Fuelling F1's battle for engine supremacy in 2015
Sky F1's Mark Hughes on the powerful rate of development in engine technology and how Mercedes are stretching further clear of their rivals...
Last Updated: 18/09/15 1:15pm
The performance of the upgraded Mercedes engine that powered Lewis Hamilton to victory in the Italian Grand Prix has underlined the incredible pace of engine development in the hybrid era.
The full potential of what is essentially the prototype for Mercedes' 2016 engine was only really hinted at in the first practice session of Friday morning when they were being run in aggressive trim in an attempt at quickly highlighting any potential problems.
Thereafter, the units were turned down in the interests of reliability – and the engine in the back of Nico Rosberg's car had to be removed and replaced by an old standard-spec unit after suffering a leak in Saturday morning practice. But in P1 on Friday their end-of-straight speeds, combined with information gained by other teams via GPS-tracking suggested the new motor could have been as much as 40bhp more powerful than that which was already dominating the season.
It would be more accurate to say that the combined power unit and Petronas fuel was more powerful – for fuel technology has proven to be the most potent development tool in the hybrid turbo-charged formula since its introduction last year. It's a similar story at Ferrari, where gains of 40bhp have been made during this season, just from the fuel alone.
The heart of the Mercedes upgrade was a new fuel composition from Petronas that allowed a change in the combustion chamber shape of the engine. The fuel alone would not have made anything like as much difference with the old engine. Likewise, the new engine would not be as powerful as it is if the old fuel was used. It's a symbiotic process of development – "lots of small steps together that make one significant step in total," as Mercedes HPP boss Andy Cowell explained. "It all comes together beautifully."
What the fuel and new combustion chamber shape combined allow is not just a bigger explosion in the combustion chamber – but a flame of greater duration, enabling the parts to be exposed to it for longer and thereby making the ignition less critical. This makes the engine more resistant to detonation – which is the chief limitation to power with this type of engine. Detonation is the phenomenon whereby the ignition becomes uncontrolled and uncoordinated with the delivery of the fuel mixture into the combustion chamber.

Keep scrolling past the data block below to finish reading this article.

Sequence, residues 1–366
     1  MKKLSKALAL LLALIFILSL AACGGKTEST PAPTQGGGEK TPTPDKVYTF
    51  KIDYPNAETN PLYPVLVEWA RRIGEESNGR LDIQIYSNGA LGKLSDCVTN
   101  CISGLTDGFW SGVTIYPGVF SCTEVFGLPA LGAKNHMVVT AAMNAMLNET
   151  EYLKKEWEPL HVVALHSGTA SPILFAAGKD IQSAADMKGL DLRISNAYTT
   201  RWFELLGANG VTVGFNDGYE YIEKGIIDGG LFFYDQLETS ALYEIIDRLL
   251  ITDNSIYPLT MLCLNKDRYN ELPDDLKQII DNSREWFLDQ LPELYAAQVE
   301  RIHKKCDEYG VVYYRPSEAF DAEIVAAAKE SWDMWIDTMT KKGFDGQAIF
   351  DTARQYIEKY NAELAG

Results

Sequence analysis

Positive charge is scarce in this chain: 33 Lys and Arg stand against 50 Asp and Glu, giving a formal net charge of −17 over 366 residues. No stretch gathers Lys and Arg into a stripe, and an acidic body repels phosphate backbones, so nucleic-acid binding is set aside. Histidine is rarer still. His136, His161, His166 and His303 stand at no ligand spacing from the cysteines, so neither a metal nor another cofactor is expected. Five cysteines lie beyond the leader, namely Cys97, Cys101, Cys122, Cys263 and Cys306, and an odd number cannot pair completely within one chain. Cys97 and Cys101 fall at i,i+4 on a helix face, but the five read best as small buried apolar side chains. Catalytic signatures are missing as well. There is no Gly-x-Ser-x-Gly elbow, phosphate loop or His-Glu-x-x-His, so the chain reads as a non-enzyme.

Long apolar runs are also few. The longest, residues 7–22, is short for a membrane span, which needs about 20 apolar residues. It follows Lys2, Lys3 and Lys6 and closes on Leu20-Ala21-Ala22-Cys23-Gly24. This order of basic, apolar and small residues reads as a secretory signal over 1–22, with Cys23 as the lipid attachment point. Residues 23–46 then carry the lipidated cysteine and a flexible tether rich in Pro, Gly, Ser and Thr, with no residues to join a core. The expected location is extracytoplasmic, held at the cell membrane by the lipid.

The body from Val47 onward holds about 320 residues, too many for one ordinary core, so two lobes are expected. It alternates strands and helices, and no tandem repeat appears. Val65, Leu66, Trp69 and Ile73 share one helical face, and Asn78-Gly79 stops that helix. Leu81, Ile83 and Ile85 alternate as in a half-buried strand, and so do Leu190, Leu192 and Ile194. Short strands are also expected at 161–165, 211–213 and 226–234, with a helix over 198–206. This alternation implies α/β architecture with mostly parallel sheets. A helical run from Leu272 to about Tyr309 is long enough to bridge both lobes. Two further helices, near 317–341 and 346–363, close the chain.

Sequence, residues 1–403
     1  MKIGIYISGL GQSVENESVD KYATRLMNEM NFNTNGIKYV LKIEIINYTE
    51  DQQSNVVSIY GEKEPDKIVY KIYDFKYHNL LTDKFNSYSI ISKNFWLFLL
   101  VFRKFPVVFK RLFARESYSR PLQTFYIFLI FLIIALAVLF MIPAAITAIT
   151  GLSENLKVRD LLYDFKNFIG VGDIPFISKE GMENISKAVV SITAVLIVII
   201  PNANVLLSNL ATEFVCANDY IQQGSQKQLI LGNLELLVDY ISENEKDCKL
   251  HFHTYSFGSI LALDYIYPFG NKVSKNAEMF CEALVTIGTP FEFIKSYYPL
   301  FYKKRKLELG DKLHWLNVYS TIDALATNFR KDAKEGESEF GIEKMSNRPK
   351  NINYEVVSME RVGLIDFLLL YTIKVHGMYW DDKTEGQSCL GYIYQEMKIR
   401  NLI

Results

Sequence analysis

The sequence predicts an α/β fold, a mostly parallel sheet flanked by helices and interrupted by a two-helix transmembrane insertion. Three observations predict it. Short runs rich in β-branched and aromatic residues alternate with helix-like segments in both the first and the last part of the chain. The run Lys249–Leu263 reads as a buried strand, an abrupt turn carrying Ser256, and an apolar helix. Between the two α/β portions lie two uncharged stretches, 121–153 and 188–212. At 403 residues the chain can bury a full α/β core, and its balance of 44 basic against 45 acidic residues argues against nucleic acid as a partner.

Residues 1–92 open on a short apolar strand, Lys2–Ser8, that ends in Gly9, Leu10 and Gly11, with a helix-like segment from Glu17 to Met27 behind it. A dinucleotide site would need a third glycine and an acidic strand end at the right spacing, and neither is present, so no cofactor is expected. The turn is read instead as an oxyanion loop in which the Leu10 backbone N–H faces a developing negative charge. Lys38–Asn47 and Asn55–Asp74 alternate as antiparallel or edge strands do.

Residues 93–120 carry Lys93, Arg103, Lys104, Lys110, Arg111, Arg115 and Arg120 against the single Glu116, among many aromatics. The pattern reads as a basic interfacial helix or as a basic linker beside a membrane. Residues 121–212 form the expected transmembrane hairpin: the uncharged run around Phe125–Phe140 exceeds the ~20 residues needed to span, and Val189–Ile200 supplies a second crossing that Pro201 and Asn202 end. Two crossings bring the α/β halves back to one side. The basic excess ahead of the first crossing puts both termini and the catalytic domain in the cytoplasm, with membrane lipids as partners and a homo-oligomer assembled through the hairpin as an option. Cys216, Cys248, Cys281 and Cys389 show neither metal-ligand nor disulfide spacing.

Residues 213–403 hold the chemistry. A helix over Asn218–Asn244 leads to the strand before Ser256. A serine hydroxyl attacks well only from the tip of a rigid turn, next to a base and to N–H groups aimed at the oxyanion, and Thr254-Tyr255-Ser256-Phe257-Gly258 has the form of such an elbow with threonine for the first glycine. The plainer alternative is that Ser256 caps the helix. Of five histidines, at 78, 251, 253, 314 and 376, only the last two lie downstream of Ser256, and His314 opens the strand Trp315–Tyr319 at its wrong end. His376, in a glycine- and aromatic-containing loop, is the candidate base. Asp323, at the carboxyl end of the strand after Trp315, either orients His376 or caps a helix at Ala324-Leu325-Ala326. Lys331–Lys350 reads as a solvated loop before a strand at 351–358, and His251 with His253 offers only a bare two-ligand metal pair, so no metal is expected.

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If it spontaneously ignites at the wrong time it can prove disastrous for the engine. The more prone the engine is to this uncontrolled ignition, the more conservatively its settings have to be to avoid it – and the less power it makes. Delay the onset of detonation with a new fuel composition and/or a better combustion chamber design and the engine can be run more aggressively, giving more power for the same fuel consumption or better fuel consumption for the same power.
This resistance to detonation is believed to be the biggest single advantage enjoyed by Mercedes over the rival Ferrari and, particularly, Renault, which is believed to be poor in this regard. This advantage compounds in the hybrid era, for the more power that is produced, the more heat that is created for the ersH to recover, giving greater electrical power too.
The necessity for the engine and fuel to be developed together in this formula was underlined last year when McLaren ran Mercedes engines as customers but was contracted to run Mobil fuel. Despite identical engines to the works cars, the McLarens were often as much as 40 horsepower down.
It is within that backdrop that Shell and Ferrari have just jointly announced a new five-year technical partnership. Closer collaboration than ever between fuel/lubricants and engines is necessary within the hybrid formula and a full team of Shell technicians work full time within the Maranello engine department.
Whether Ferrari can make the next step in its progress - from disaster in 2014, to race-winning respectability this year to title challengers in 2016 – could depend more than anything else upon the discoveries made by the Shell fuel chemists. After the warning shot across the bows that the upgraded Mercedes/Petronas motor represented at Monza, no rivals can be under any illusions that the bar is being raised ever-higher.